I developed this recipe to solve a breakfast problem. I wanted a grab-and-go weekday option that didn't rely on sugar or carbohydrates. Mini quiche--crust omitted--seemed like a great make-ahead option.
Why, you are wondering, am I avoiding sugar and carbs in the morning? Have I lost my mind? Well, not exactly.
I'm not a fan of dieting, elimination diets, or the concept of "going on a diet." I spent my teens and twenties tormenting myself with diets not because I was overweight but because I was utterly and completely terrified of gaining weight. The only result of my efforts "to diet": Years of stomach aches. Literally. Dieting made my physically ill. Now, thanks to the wisdom of my age, I have a simple philosophy in life: Not self-sacrifice, but self-cherishing.*
I've long-since reformed my dieting ways. I understand now that
1. There are a lot more interesting things about me than my dress size.
2. Food is one of life's greatest pleasures and should be treated as such.
3. The diet industrial complex thrives precisely because diets don't actually work for most people in the long run.
4. I am much more likely to gain weight when I'm obsessed with my weight than when I'm happily engaged in living my life.
That said, I am concerned, as most people are, with my health. I'm not getting any younger, and I want to do what I can to stay fit and active, and--most importantly--to feel energized and happy.
To that end, I was recently listening to an episode of Gretchen Rubin's Happier Podcast in which she talked about Gary Taubes's new book THE CASE AGAINST SUGAR. I was intrigued enough to read the book, and then to read Taubes's previous work, WHY WE GET FAT.
I'm not a scientist, so maybe I'm easily fooled, but Taubes's presentation of the science of what happens when we eat sugar and his analysis of how the sugar lobby countered good science with bad science and masterful marketing to ensure the steady growth of the sugar industry are utterly compelling and have gotten me thinking about what I eat and how I feel when I eat certain things, all in the name of self-cherishing, not self-sacrifice.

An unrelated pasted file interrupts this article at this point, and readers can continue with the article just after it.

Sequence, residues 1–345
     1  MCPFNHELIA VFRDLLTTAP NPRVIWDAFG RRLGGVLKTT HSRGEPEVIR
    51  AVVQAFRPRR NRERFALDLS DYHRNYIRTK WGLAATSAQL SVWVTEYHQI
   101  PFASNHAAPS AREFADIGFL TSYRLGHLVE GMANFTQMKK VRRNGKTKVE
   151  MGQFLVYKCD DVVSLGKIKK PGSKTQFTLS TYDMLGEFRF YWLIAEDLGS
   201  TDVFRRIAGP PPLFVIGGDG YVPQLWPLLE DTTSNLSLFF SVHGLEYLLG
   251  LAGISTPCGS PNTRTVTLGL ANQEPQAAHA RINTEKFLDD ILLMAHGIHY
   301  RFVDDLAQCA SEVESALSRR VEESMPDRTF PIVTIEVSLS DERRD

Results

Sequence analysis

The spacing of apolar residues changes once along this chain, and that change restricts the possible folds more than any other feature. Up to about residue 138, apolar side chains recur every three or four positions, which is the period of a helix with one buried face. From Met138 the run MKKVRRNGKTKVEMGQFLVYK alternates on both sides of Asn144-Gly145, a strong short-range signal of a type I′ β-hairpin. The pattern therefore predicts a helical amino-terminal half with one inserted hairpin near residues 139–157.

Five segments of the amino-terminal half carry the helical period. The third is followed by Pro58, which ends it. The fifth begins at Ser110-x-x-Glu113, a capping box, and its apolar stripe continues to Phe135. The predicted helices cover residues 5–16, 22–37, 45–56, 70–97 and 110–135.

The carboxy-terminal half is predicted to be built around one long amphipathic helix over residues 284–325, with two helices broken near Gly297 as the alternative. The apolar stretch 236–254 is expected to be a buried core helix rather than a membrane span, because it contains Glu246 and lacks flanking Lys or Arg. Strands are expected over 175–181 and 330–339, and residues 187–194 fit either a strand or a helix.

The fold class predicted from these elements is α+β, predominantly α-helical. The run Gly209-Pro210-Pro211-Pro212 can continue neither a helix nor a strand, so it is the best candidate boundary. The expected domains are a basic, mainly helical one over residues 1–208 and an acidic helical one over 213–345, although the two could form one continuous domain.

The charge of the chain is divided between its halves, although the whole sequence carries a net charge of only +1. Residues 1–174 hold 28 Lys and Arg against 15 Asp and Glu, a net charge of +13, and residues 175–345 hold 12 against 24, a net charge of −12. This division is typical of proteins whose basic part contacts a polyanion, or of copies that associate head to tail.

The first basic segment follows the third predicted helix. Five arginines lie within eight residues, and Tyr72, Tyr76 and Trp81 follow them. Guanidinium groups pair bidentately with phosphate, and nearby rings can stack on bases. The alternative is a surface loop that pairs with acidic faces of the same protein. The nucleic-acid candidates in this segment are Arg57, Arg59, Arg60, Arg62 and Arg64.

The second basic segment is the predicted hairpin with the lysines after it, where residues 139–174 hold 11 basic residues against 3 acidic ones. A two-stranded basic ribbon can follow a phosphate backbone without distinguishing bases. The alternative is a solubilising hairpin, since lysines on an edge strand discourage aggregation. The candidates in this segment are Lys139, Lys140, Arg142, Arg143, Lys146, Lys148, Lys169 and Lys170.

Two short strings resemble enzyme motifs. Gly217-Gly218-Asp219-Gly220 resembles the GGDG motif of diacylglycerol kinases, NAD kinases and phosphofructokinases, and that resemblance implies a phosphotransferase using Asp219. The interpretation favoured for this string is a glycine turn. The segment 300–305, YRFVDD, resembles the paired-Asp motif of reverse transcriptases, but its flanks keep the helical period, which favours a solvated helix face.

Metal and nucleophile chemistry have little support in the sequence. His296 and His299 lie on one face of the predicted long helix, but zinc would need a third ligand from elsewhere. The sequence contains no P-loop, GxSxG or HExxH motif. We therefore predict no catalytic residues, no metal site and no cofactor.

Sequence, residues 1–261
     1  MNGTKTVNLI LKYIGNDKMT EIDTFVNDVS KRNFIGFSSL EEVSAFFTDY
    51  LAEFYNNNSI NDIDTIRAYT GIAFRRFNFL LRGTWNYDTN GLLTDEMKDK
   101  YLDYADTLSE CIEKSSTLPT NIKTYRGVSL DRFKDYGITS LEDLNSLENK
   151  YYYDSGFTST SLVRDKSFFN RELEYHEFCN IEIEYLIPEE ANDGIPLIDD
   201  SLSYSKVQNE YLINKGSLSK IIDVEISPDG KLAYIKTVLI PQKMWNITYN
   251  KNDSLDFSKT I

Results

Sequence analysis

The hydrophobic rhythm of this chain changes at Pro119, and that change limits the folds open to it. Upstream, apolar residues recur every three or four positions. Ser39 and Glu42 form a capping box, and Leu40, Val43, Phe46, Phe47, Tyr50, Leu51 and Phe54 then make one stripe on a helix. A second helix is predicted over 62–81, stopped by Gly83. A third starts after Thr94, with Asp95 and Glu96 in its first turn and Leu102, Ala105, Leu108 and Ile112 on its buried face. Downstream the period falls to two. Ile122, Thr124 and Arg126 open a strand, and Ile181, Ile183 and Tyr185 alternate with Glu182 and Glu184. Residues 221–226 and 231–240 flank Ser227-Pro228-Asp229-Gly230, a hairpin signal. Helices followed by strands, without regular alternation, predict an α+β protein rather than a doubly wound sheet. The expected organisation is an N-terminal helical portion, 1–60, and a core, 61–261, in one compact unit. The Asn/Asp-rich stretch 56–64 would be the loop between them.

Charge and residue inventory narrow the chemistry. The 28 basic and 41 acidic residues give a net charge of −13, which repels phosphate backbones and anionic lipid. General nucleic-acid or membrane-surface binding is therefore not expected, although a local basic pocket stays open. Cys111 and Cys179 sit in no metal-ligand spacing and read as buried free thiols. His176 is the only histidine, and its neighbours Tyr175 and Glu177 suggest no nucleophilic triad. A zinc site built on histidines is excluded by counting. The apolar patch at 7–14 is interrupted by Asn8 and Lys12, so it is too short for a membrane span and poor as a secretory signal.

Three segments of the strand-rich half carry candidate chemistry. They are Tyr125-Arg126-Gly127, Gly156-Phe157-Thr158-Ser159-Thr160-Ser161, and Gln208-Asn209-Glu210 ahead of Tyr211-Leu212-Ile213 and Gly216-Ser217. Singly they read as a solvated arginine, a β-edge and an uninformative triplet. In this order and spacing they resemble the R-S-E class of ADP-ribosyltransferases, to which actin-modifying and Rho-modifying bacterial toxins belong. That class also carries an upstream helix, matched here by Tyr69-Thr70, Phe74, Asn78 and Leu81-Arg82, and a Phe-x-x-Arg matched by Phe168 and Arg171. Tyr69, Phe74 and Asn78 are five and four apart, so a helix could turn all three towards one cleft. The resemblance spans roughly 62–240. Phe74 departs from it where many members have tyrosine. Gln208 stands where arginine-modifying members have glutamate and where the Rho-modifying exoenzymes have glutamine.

For me, the takeaway is that the healthiest food is homemade with simple ingredients. Really, it's the same takeaway I have from reading Michael Pollen's work: Eat food, not too much. Avoid unpronounceable ingredients and anything previous generations wouldn't recognize as food.
As such, I've been eating a lot less sugar and far fewer carbs, and I feel great! I have tons of energy and my usual old tummy aches, a near daily nuisance since college, have been fewer and farther in between.
I have found it quite easy to reduce the amount of sugar in all parts of my day but breakfast. Yes, eggs are a good breakfast, but I don't always have time to make a hot breakfast on weekdays If I'm having eggs, I want side dishes like bacon or sausage and toast, and now it's a little more involved than I'm willing to get on your average Tuesday.
Enter mini crustless spinach quiche. I can make a big batch on the weekend and have breakfast ready for the week. I get a nice dose of protein and veg and start the day right. Not self-sacrifice, but self-cherishing!
*I borrow this phrase from "My Garden," an essay published under the name Gail Hamilton (which is the pen name of Mary Abigail Dodge) that appeared in the Atlantic in May, 1862.
- 16 oz frozen chopped spinach, thawed, squeezed out as dry as possible
- 6 scallions, chopped
- 6 garlic cloves, minced
- 2 T. lemon juice
- 2 T. oregano leaves, minced
- 6 extra large or 8 large eggs, beaten
- 15 oz whole milk ricotta
- 1 c. crumbled feta
- 3/4 c. milk
- salt and pepper to taste
Arrange oven racks on upper and lower middle positions. Preheat the oven to 425.
Whisk together eggs, ricotta, feta, and milk. Season with salt and pepper.
Stir in spinach, scallions, garlic, oregano, and lemon juice.
Prepare two muffin trays: Spray 8 cups in each tray with nonstick spray (I first tried to squeeze this recipe into one 12-cup muffin tray, but the mixture bubbled over and made a mess).
Spoon mixture into prepared cups.
Place trays in oven. Bake for 30 minutes. Halfway through baking, rotate trays top to bottom and front to back.
Remove trays from oven and place on wire racks. Cool for five minutes and then run a sharp knife around each mini quiche. Continue to cool in tray about 10 minutes.
To unmold, place a cookie sheet upside-down on top of the muffin tray and flip to invert quiche out of the muffin cups. Turn quiche right-side-up and serve.
Quiche can be stored in the fridge for 5 days or so, and can be individually wrapped and frozen for a couple of months.